Introduction:

Everybody has their own personal preference with food. What one person loves, another person hates. And this often depends on taste or texture. This is important when you're at a business lunch and you have to describe the different types of dishes, food or drinks to people. In this online exercise on food, we will look at the adjectives used in English for describing the different tastes and textures of food and drink.

Exercise: Food Tastes and Textures

Read the following conversation between Peter and Juan in a restaurant in Yorkshire. Peter is describing the different tastes and textures of the dishes on a menu. Focus on the words/phrases in BOLD and think about their meaning.

Peter:

'So Juan, what do you fancy having?'

Juan:

'I'm not sure. There's lots of food and dishes from around the world on this menu. You've eaten here before, what's the chicken vindaloo curry like?'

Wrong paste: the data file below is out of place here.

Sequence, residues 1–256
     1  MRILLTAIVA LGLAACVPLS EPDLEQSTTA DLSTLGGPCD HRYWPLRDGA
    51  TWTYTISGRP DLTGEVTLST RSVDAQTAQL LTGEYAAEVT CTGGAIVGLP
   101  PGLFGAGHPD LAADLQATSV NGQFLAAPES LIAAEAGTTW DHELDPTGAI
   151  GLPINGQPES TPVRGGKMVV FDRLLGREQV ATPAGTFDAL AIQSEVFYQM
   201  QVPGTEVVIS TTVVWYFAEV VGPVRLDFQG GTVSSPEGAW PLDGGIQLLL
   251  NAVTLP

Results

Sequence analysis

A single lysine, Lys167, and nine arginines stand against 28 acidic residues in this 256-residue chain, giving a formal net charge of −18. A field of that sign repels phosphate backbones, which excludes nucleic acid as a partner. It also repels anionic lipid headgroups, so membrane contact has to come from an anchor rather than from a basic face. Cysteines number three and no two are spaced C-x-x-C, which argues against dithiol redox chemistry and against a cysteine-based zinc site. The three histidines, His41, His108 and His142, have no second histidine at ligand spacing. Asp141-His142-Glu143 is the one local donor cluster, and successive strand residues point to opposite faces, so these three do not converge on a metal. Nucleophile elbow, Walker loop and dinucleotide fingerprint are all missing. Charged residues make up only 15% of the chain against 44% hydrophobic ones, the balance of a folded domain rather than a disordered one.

Peter:

'It's very hot. The last time I had it, my mouth was burning for about 15 minutes. To be honest, it's a bit bland, it doesn't really taste of anything. If you want to have a curry, I would recommend the tikka masala, it's spicy, they use about 15 different spices in it, but it's not hot. I like it, it's really tasty.'

Juan:

'I'm not sure I want Indian food. And the fish and chips?'

Peter:

'Although I'm English, I don't like it, it's greasy. It's covered in too much oil for me.'

Juan:

'What are the salads like here? They have a caesar salad, is it ok?'

Peter:

'Well, yeah. I had it a couple of years ago. They use fried bacon in the salad as well, which is strange. The iceberg lettuce and the bacon were very crispy, they make a noise when you first chew them. It has fried croutons, which were so crunchy, it was almost like eating a savoury biscuit. But for me, the caesar sauce was too creamy, they used too much cream. There's another salad that I had the last time I was here, called the Naples salad. It's got so many different things in it, it has anchovies that are very salty, but it also has small pieces of lemon that gives the salad a bit of a sour taste. Because it's in theory Italian it also has pieces of parmesan in it, the hard cheese that they grate on top of Italian pasta. It doesn't sound good, but the combination works very well.'